For me, the greatest challenge that kept me from Him was acknowledging that I needed Him in my life. I believed that there was a God, but which God, I never resolved. When I went to Sunday school for a year in the sixth grade, I heard an analogy that convinced me that there is a God in control of the universe. The teacher asked if we all knew how many parts there were to a watch. We all knew there were a lot of pieces (chances are, us kids had at least broken one to find out). Then she proposed two possibilities. One, she took all the parts and put them together into a watch. Or two, she put them all in a shoebox and shook them up into a watch. Which was more likely?
The watch analogy helped me formulate my ideas of what later became the concept of an “Intelligent Designer” (term taken from Lee Strobel’s Case for Faith). The world we live in, is not here by mere chance. It is intricately and specifically put together with inhuman accuracy and precision. In nature, the balance that exists is amazing. I have a difficult time believing that life is by chance. It is more likely to me, that it is by choice.
And my choice to accept Christ into my life is as typical and atypical as salvation stories go. I did what I scorned other guys for. I checked it out because of a girl. I shook my head at the very notion of changing for anyone else. Everyone was suppose to be of their own individual, be happy with who and what they were, and all the other self-edifying ideas I had. My problem was that I didn’t know who I was exactly.
After I graduated out of Oregon State University, I wasn’t able to find a job right away. I had studied computer science but I was convinced that programming wasn’t the line of work for me. As I went to interviews, it became more apparent that my gut feeling was right. So I began to wonder where I was going to go with my life, as most graduates do.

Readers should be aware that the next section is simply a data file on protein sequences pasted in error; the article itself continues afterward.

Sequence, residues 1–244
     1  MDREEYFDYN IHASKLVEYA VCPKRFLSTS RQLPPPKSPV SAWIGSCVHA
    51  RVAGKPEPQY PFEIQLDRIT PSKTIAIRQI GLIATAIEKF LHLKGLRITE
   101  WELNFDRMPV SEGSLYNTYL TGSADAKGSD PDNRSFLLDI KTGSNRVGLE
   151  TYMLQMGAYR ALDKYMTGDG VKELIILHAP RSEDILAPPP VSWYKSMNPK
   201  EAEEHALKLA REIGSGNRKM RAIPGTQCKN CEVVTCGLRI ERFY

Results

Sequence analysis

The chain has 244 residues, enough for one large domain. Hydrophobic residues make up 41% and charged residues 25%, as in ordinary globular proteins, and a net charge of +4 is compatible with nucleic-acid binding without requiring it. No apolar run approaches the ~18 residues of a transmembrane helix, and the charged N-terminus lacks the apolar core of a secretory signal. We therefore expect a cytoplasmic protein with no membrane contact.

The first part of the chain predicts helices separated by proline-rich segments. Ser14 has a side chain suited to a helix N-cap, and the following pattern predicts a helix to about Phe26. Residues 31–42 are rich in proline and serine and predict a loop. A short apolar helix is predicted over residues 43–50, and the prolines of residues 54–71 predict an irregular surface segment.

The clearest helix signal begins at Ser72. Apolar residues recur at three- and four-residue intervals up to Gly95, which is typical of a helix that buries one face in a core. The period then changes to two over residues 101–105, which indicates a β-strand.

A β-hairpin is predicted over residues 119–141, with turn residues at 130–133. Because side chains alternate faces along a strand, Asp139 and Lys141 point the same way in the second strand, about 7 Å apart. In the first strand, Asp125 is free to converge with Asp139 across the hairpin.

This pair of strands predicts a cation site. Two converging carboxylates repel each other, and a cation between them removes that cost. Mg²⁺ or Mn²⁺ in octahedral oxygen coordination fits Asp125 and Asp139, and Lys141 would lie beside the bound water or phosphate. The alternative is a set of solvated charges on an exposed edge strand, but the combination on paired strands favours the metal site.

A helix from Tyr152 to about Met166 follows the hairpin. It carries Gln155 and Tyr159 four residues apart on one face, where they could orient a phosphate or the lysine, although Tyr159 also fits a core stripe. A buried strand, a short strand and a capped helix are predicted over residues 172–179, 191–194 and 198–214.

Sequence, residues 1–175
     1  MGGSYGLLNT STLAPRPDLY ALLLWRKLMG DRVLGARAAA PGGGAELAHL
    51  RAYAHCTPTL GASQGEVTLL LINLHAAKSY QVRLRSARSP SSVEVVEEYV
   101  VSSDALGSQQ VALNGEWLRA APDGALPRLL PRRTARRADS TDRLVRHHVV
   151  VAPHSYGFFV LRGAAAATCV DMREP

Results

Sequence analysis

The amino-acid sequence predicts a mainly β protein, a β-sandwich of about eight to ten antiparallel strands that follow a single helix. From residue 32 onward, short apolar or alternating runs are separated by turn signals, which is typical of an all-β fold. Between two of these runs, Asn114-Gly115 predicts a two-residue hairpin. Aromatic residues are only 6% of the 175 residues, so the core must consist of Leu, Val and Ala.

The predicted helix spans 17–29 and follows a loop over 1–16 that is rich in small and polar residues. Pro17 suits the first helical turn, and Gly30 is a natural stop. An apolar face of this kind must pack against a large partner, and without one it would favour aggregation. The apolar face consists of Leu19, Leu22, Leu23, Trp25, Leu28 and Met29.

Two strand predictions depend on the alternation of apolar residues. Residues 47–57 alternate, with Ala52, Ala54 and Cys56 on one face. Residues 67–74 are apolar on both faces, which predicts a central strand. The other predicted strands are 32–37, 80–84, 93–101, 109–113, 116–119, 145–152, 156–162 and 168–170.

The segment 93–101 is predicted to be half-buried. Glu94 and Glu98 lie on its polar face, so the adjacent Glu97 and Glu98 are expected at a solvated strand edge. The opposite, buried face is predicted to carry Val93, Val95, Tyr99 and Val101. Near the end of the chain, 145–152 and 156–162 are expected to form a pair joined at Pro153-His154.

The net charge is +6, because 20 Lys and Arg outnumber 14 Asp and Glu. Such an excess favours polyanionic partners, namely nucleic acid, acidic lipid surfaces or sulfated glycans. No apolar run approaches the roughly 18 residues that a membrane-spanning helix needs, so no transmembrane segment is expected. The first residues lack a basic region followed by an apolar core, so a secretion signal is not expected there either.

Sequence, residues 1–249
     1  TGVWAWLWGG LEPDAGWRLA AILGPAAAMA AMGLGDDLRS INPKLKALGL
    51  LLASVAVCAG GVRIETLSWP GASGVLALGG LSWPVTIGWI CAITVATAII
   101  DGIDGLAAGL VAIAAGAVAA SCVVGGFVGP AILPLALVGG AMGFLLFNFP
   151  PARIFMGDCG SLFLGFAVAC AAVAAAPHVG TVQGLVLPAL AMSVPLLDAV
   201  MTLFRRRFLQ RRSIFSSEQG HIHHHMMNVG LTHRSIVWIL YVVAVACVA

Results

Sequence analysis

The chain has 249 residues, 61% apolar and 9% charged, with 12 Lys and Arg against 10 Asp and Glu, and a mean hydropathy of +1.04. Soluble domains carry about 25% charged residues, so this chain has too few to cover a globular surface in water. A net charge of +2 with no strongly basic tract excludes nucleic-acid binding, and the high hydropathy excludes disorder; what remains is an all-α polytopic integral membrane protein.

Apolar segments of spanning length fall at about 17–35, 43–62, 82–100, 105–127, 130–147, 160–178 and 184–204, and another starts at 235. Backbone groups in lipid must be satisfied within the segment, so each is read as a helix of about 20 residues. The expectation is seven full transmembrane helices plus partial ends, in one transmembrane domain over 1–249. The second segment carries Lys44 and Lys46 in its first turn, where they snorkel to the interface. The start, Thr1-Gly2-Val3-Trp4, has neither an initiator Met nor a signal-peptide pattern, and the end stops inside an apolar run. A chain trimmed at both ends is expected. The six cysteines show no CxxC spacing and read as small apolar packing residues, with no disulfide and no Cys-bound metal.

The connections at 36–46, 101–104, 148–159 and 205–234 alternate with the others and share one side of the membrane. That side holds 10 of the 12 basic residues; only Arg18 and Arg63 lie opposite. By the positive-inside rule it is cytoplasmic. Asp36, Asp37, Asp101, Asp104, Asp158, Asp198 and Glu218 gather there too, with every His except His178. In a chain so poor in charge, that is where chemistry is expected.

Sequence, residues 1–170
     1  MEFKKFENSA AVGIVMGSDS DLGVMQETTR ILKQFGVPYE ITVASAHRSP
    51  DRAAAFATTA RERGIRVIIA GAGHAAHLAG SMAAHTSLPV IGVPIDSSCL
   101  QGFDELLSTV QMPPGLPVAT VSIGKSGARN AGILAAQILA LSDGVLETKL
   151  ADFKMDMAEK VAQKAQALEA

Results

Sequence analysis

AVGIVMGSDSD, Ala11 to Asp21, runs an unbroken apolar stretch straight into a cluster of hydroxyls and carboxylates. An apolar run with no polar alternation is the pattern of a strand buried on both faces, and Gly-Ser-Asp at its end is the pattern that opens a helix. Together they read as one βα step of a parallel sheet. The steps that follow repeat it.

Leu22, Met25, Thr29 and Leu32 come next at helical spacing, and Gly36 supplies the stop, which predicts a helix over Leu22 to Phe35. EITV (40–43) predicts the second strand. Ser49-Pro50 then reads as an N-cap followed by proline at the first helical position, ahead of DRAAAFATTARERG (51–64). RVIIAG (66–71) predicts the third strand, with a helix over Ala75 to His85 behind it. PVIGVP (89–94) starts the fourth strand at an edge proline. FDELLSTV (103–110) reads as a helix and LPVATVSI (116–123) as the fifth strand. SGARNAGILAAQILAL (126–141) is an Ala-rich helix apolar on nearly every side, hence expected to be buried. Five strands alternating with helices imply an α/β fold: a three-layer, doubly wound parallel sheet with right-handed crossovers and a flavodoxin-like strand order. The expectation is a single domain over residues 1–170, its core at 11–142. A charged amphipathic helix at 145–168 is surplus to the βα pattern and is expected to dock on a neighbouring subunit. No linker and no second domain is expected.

With no job, but luckily no debt out of school, I spent the year thinking a lot about what I wanted out of life. I spent a vast majority of time playing video games and dancing west coast swing. Along the way, I accepted a volunteer position to be the Portland Swing Dance Club webmaster. I enjoyed that opportunity very much because it helped me ease into my current job as a webmaster at Vernier Software & Technology.
As I danced throughout that year, I met some wonderful people. The Board of Directors of the Portland Swing Dance Club (PSDC) were a generous bunch who dedicated themselves in providing a growing environment for west coast swing in Portland. There were dancers from all walks of life, from doctors and business executives to college students and high schoolers. It was through dancing that one of my greatest hopes came true: I met a girl who I loved to dance with and liked her as a person as well.
Not only did I meet my soulmate, I got acquainted with two other girls that were her friends. What caught my eye was the kindness, compassionate, and good about them. I had met Tracy, Mary, and Jennilyn through social dancing in Portland and I had to the privilege to go on dancing road trips with them. As I spent more time with the mischievous trio, I began to learn of their source of happiness and strength. They each had difficulties in life that didn’t phase them. I admired how well they dealt with circumstances and loved people.
As I developed a deeper friendship with Jennilyn, it became very apparent how much God had a presence and influence in her life. I admired how virtuous she was in spirit and mind. It was not for show. It was geniune. Most of my previous encounters with the Christian faith had not separated them from non-Christians in their lifestyle. Sadly, I felt that their faith was an excuse for their behavior rather than an inspiration.